…Qatar: Proof positive that money doesn’t guarantee happiness. Consider: no taxes, 50-cent-a-gallon gas, free health care-education-electricity-water, the entire nation "is like a good airport terminal: pleasantly air-conditioned, with lots of shopping, a wide selection of food, and people from all over the world," writes Weiner. Result: unhappy, disgruntled Qataris. Why? No history, no democracy, no culture, no outdoor beauty, too much religion (the happiest countries–Denmark, Iceland– are very secular), thus Qatar seems more a tribe with a flag than country.

…Iceland: Consistently rated very happy. The harsh climate is an important factor: it’s vital to cooperate, to get along with neighbors, else you might die outdoors; the long, dark, cold months foster reading, creating, imagination-stoking, socializing. Like Bhutan, Icelanders don’t expect much since nature always has the last word. Like citizens in other happy countries, they revere their culture and language (a formal Icelandic greeting is "komdu saell," come happy).

…Moldova: Officially, the world’s least happy country, this morose ex-Soviet republic brings to mind an old Peace Corps slogan: "Bad pay for long hours, but at least you’ll be hungry and in danger." Weiner’s account is a Tourettic shriek of dreadfulness: thin people and fat, mean cops (always a bad sign), corruption and nepotism, an alcocholeric, resigned population more dolorous than dollarous; again no national pride or culture, a fake nation that’s been salami-sliced by others for centuries. Touchingly, the place of pride in the crumbling Museum of Nature and Ethnography: different shades of soil. Moldovan dirt.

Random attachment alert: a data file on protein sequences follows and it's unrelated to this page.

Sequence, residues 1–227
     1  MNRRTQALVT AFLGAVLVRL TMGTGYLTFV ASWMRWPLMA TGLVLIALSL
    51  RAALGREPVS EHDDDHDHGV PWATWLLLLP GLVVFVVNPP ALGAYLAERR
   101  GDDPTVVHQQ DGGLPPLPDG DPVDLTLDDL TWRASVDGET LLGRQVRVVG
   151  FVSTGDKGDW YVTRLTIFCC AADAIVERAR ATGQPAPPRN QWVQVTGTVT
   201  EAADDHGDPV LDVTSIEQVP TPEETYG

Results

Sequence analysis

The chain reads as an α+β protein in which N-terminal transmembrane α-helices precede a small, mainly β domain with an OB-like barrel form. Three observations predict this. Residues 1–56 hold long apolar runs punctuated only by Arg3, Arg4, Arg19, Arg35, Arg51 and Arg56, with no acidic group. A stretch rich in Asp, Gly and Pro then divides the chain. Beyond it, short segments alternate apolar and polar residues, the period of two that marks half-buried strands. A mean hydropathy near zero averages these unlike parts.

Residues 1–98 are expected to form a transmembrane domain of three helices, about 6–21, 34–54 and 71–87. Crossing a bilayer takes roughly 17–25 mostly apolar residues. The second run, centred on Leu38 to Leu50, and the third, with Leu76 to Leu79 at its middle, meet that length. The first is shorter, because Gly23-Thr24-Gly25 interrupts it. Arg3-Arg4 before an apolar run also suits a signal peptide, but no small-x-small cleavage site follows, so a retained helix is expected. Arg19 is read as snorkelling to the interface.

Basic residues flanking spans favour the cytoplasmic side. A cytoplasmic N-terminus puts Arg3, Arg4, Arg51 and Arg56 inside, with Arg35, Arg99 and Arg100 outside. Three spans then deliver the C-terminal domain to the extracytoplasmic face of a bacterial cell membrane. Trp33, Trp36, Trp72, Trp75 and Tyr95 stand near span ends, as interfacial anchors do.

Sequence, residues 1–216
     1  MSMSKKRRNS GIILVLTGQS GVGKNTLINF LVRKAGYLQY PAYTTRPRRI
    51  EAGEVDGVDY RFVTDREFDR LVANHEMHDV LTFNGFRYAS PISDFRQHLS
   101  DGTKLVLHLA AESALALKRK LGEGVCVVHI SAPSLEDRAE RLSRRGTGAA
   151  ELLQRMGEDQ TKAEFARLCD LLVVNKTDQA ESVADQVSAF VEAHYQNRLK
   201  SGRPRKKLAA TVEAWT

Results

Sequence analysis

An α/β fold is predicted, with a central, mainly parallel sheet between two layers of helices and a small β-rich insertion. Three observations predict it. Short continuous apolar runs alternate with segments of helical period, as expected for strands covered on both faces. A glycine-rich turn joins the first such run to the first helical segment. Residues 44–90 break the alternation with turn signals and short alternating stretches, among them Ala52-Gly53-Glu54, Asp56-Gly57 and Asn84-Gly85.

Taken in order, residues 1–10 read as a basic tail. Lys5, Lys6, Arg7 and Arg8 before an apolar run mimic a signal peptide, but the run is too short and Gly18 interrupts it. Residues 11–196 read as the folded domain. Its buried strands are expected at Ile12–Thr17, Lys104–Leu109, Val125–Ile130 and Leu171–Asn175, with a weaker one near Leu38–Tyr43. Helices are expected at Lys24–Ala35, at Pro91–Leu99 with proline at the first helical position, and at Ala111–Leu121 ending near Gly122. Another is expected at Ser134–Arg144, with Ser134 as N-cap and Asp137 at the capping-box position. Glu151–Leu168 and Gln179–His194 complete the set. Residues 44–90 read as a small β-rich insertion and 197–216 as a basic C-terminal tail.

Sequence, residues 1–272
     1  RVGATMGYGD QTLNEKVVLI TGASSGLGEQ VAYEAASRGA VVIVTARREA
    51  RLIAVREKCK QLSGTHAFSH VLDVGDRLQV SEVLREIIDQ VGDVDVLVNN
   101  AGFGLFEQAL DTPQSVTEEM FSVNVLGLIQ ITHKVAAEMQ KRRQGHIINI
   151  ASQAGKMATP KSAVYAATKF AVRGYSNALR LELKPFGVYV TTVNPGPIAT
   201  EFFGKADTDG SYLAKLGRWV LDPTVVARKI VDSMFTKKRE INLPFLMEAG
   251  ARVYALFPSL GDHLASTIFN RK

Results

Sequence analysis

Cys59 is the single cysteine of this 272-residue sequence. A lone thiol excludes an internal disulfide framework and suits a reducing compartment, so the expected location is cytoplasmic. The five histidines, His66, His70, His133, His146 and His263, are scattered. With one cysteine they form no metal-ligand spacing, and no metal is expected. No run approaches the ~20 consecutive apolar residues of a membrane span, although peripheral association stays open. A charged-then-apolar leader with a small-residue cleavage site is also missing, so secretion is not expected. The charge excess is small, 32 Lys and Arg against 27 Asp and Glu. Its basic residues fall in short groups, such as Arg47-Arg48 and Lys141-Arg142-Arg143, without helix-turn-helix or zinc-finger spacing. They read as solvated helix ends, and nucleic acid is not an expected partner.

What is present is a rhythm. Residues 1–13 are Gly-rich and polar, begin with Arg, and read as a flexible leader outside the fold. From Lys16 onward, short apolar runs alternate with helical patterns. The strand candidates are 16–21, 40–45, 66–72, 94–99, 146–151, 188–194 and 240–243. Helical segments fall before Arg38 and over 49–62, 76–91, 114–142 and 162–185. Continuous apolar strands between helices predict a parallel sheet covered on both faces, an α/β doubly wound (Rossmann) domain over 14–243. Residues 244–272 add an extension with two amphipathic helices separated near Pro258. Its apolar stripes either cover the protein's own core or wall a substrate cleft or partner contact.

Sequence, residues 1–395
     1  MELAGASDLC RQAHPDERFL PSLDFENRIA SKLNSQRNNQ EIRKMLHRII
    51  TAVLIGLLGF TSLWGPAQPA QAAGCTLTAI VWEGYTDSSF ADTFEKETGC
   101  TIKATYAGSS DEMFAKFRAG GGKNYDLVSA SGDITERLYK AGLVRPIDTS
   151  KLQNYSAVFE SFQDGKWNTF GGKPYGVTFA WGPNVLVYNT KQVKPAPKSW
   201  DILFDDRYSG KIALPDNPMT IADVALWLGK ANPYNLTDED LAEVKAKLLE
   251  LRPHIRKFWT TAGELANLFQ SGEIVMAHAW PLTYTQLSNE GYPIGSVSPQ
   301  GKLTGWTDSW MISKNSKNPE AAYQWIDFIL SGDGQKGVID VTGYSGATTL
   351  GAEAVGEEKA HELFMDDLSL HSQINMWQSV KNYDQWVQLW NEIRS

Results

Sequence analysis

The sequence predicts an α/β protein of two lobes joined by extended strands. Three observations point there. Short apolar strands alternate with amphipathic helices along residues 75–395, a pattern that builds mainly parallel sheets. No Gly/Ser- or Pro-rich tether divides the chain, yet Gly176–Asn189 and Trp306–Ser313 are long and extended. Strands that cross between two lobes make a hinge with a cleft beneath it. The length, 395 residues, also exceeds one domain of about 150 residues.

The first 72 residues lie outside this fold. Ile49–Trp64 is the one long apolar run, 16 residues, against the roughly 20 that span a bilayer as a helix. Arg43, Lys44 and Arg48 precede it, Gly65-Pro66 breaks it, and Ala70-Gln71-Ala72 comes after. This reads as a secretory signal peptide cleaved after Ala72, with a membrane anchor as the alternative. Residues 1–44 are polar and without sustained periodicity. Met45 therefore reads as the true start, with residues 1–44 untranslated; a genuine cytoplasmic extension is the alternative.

…Thailand: Unhappy, a place that has many words/phrases for smile, including the charming "im mai awk," the I’m-trying-to-smile-but-can’t-smile"? Hardly. Essential to Thai happiness: having fun and banishing seriousness, taking the long view of life, relying on instinct, personal cleanliness, tolerance of the bizarre like the "no hands" restaurant where waitresses feed customers like moms do babies. I remember a t-shirt slogan in Bangkok: "A Radiant Obstacle In The Path Of the Obvious." Optimism, another Thai happiness ingredient.

…Great Britain: Well, they’re trying; the culture of the stiff upper lip and "Carry On, Jeeves," has long been suspect of outward happiness conduct, not exactly embracing hugging, impromptu chatting, informal socializing; it’s more about getting by than being tickled pink. Thus the mother country rates fair-to-middling happy. Weiner found one place where happiness ruled: the pub. In the interest of more research, may I suggest The Grenadier (18 Wilton Row, London).

…India: Again, couldn’t Weiner avoid the visiting writer’s obligatory drop-in to the latest popular guru’s ashram where he learned only air-headed-isms? But perhaps like most of us, he found India simply overwhelming. Too much of everything, "incorrigibly plural" in the poet Louis MacNeice’s phrase. The most oft-mentioned reason for happiness? Unpredictability. No kidding.

…America: Weiner’s last stop, home. On most polls the U.S.A. rates a five or six at best. Americans expect too much, move too much (40 million yearly), divorce too much, envy too much, crave too much. Number one on the list of polled citizens on what constitutes happiness: money. Case closed, your honor.

A few quibbles: why no stop, or even mention, of Latin America? Is no African country happy? I found Botswana so. And personally, I wished Weiner had visited New Zealand, perhaps discovering unhappiness I’ve missed on those two bucolic islands.

No surprise, however, that "The Geography of Bliss" was that "New York Times" best-selling surprise, a travel narrative not authored by someone surnamed Mayle, Mayes, or Bryson. A fine, informative guide to the reader’s next fantasy move.

The Geography of Bliss: One Grump’s Search for the Happiest Places in the World
Eric Weiner (Twelve Books, 329 pgs., $25.99).